An Early Boost
The main stress hormones that appear to have an impact on immune competence are released before and during surgery, Prof. Ben-Eliyahu has found. He is currently developing a novel intervention program, based on existing generic drugs, to block the influence of these hormones.
Pre-clinical studies in a 2005 study also published in Brain, Behaviour, and Immunity reveal that by blocking these stress hormones, cancer metastases in animal models could be reduced. In a recent study (in progress), Prof. Ben-Eliyahu also found that by blocking these hormones, he could increase long-term post-operative survival rates from cancer in animal models, by as much as 200-300 percent.
Prof. Ben-Eliyahu and his students are now also trying to integrate stimulation of the immune system just before surgery and prevent its suppression. This may provide the immune system with an opportunity to eradicate cancer residuals after the surgical removal of the primary tumor, and before these residuals are re-established and become resistant to immunity, he says.
Prof. Ben-Eliyahu concludes, By boosting the immune system and blocking its suppression by psychological and physiological stress, starting a day or two before surgery, during surgery and after surgery, we may be able to provide an intervention program that can extend peoples lives and potentially increase their chances for long-term survival.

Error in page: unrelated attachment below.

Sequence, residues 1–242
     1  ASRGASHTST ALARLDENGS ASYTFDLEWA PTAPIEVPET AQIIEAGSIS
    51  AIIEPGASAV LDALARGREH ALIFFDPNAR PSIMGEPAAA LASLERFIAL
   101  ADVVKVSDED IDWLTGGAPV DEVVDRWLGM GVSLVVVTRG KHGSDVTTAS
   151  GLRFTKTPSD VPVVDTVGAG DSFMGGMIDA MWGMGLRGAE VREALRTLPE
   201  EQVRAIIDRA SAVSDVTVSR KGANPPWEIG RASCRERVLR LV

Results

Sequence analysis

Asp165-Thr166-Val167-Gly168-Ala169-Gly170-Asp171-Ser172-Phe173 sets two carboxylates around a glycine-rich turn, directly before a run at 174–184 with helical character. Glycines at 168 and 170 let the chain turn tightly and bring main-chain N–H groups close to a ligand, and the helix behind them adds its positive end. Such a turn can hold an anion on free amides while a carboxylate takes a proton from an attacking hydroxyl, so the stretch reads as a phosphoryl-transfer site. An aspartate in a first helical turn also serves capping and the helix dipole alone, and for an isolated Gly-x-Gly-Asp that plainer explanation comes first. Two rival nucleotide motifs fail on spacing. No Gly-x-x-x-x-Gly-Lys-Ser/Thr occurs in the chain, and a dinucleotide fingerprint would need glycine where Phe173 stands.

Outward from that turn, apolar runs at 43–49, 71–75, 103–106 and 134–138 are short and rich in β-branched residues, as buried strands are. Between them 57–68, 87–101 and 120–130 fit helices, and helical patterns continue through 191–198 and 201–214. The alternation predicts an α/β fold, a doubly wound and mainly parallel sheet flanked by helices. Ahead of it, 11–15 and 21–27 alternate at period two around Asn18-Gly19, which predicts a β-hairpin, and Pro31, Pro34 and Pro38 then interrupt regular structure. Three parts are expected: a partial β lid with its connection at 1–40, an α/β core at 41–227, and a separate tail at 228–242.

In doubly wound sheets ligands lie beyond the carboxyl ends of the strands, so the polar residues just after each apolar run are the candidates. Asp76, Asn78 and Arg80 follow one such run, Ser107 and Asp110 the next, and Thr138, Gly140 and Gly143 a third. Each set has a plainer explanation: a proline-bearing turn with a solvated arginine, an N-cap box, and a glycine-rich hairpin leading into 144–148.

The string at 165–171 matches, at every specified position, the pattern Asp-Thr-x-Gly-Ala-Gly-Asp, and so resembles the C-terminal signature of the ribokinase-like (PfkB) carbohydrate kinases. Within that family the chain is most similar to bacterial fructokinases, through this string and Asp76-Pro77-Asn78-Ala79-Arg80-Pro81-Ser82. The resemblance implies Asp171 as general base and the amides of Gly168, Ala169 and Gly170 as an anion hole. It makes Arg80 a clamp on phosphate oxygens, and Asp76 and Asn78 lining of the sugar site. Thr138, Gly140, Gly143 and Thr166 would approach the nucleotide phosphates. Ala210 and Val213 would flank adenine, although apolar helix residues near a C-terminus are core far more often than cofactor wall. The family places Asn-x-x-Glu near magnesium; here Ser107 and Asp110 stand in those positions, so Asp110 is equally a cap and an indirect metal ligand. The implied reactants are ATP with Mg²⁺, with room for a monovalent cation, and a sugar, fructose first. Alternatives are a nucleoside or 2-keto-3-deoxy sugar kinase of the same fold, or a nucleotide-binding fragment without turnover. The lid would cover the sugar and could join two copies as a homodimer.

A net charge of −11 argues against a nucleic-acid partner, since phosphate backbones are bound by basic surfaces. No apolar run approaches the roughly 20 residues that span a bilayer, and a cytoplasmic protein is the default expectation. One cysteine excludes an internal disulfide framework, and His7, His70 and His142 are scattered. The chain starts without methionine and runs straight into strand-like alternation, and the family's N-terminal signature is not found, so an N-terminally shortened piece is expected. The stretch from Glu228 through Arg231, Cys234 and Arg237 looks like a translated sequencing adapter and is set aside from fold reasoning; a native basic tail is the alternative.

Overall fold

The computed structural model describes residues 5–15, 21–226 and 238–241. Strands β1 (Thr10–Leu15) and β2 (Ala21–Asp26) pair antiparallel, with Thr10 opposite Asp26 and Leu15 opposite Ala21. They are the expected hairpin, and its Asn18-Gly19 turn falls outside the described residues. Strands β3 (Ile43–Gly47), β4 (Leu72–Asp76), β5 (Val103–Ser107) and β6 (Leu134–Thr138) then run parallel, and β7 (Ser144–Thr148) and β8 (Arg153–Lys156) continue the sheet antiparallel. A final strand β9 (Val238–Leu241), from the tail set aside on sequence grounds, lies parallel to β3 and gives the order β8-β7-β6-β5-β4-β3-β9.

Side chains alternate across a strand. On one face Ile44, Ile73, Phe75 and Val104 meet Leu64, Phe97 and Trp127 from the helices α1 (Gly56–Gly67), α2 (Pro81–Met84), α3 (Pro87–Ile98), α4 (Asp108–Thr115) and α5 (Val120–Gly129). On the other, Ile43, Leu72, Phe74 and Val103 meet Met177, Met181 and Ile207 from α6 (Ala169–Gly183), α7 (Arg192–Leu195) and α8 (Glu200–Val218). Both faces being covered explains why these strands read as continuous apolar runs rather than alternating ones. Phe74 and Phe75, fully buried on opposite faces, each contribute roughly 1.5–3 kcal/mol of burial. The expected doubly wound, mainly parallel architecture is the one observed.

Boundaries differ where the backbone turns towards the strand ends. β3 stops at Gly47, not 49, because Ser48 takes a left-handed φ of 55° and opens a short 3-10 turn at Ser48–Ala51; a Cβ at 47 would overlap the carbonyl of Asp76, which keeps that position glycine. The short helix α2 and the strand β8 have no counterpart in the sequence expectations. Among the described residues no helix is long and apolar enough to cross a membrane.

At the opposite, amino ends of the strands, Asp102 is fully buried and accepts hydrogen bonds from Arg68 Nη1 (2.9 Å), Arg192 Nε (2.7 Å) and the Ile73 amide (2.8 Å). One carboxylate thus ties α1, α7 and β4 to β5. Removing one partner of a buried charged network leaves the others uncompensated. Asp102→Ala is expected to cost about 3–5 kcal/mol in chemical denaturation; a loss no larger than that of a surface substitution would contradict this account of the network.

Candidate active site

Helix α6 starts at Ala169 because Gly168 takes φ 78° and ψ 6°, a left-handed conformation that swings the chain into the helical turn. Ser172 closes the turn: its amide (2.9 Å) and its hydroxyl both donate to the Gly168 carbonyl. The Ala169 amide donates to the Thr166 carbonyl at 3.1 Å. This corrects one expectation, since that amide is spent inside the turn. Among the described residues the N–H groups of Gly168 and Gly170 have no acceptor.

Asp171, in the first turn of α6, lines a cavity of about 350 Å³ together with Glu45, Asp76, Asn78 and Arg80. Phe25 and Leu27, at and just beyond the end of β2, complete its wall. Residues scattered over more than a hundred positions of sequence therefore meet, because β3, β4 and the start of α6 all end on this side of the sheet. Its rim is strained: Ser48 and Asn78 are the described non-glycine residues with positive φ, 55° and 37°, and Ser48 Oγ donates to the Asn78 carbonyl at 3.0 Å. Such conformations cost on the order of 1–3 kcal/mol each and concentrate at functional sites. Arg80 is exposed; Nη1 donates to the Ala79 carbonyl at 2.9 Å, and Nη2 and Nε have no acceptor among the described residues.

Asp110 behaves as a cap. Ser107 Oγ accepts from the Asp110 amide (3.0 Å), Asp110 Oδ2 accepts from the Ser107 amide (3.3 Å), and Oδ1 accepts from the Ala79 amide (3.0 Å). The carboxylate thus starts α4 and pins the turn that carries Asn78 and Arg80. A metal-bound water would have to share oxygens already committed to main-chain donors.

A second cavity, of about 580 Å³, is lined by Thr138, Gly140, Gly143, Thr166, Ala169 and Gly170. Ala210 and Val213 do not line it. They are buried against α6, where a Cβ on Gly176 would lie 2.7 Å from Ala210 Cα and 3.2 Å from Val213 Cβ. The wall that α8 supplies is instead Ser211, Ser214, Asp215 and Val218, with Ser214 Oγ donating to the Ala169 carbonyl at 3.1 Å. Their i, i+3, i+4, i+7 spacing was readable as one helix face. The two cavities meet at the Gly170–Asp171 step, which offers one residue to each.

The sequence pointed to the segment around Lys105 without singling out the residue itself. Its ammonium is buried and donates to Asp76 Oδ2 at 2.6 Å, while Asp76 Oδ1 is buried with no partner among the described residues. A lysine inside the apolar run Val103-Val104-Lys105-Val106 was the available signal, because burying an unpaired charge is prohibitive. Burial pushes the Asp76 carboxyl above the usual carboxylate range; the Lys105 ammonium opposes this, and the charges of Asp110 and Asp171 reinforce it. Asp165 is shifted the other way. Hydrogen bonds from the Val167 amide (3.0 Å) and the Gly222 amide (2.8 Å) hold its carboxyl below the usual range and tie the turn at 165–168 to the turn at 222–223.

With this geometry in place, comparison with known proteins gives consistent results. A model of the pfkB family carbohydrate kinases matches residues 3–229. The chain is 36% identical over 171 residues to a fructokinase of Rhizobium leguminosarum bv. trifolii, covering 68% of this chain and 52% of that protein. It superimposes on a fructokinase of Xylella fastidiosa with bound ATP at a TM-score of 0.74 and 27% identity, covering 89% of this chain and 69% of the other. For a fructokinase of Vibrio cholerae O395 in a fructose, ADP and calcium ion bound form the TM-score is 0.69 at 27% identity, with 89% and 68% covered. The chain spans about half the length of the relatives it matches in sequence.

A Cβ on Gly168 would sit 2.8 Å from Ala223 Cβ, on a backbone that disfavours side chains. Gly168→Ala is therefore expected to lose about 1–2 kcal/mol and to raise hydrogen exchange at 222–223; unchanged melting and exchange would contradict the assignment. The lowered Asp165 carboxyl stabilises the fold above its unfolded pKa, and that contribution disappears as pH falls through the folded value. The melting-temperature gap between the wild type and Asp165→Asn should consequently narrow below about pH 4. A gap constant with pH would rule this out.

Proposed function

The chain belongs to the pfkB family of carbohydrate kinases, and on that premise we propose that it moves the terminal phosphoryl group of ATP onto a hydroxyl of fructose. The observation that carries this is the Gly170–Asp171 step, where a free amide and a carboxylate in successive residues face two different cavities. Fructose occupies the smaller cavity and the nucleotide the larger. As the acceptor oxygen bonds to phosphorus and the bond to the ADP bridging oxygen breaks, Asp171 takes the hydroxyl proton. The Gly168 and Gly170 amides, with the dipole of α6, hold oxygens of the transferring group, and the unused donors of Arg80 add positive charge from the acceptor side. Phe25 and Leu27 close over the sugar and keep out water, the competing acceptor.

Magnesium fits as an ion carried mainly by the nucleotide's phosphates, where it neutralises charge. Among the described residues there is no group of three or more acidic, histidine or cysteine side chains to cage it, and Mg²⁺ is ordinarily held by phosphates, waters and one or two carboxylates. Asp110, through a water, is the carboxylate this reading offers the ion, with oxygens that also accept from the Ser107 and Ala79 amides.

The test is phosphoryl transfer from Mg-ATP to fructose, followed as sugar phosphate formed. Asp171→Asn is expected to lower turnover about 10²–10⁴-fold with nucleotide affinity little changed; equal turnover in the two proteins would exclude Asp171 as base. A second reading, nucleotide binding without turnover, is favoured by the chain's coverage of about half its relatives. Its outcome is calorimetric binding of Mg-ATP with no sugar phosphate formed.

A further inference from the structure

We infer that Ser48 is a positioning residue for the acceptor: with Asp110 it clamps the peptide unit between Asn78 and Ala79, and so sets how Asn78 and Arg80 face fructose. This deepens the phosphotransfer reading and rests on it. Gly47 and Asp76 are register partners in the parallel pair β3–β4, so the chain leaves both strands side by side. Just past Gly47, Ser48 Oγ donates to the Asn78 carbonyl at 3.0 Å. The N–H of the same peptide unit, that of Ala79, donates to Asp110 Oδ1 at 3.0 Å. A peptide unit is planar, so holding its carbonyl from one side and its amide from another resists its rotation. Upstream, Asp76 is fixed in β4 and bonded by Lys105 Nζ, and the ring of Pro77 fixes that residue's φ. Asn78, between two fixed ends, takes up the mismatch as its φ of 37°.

He plans on starting clinical trials within the next year or two.
Prof. Ben-Eliyahu is one of about 200 other scientists working in the novel and emerging field of Psychoneuroimmunology. It is an interdisciplinary study of the interaction between the psychological processes of the brain, and the nervous and immune systems of the human body. In this field, Prof. Ben-Eliyahu collaborates regularly with Prof. Gayle Page from the Johns
|Contact: George Hunka|
American Friends of Tel Aviv University